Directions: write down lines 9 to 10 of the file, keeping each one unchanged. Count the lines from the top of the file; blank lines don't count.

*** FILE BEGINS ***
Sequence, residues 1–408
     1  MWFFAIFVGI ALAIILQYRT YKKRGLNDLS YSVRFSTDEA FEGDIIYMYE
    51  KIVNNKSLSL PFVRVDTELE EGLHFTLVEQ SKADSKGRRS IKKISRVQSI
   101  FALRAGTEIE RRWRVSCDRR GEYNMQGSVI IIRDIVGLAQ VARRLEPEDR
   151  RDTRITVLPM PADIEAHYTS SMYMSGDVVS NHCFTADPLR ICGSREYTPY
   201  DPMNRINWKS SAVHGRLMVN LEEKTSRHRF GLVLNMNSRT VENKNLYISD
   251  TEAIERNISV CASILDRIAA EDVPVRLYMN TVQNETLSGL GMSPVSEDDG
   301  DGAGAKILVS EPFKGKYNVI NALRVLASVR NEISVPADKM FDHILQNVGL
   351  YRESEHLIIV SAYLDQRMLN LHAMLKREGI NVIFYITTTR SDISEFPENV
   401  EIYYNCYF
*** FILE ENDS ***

   351  YRESEHLIIV SAYLDQRMLN LHAMLKREGI NVIFYITTTR SDISEFPENV
   401  EIYYNCYF